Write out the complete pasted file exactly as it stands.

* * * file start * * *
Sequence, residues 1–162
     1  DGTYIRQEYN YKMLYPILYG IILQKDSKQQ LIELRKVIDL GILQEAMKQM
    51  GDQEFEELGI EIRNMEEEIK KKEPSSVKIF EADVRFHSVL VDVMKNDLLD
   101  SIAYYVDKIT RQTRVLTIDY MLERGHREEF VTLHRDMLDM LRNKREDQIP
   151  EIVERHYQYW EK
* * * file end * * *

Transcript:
Sequence, residues 1–162
     1  DGTYIRQEYN YKMLYPILYG IILQKDSKQQ LIELRKVIDL GILQEAMKQM
    51  GDQEFEELGI EIRNMEEEIK KKEPSSVKIF EADVRFHSVL VDVMKNDLLD
   101  SIAYYVDKIT RQTRVLTIDY MLERGHREEF VTLHRDMLDM LRNKREDQIP
   151  EIVERHYQYW EK